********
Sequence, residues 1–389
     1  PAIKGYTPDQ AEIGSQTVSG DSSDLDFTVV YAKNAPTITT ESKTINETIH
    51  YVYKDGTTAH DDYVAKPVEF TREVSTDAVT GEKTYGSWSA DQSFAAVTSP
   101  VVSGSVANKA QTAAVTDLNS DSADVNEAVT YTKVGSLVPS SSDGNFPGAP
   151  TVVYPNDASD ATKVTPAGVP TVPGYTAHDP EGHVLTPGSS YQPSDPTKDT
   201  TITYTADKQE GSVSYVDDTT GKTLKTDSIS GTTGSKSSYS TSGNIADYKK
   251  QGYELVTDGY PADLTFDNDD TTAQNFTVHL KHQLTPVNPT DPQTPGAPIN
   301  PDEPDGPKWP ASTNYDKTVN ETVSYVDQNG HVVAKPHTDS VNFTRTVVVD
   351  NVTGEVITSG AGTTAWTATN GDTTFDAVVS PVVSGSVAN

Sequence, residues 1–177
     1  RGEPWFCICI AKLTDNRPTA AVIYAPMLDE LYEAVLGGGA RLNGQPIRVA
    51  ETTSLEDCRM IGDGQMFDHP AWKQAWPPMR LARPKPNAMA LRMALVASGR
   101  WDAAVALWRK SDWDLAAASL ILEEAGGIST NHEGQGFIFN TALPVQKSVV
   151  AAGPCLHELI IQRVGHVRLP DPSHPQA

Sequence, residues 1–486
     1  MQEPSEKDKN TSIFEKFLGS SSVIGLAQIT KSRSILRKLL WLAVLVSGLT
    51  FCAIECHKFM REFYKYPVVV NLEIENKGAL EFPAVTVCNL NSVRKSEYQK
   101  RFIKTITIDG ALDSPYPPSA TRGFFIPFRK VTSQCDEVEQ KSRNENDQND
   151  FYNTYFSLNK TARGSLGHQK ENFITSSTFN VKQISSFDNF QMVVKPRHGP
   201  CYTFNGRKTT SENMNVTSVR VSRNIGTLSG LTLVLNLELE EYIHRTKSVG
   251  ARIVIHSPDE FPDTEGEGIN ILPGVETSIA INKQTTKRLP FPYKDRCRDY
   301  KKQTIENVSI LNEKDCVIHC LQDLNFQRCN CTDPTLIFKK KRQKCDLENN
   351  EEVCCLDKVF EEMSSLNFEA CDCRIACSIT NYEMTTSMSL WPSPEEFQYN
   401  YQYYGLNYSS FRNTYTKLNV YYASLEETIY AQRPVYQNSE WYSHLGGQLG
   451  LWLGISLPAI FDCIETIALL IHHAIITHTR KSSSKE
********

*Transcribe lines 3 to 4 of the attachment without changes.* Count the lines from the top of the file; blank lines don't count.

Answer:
    51  YVYKDGTTAH DDYVAKPVEF TREVSTDAVT GEKTYGSWSA DQSFAAVTSP
   101  VVSGSVANKA QTAAVTDLNS DSADVNEAVT YTKVGSLVPS SSDGNFPGAP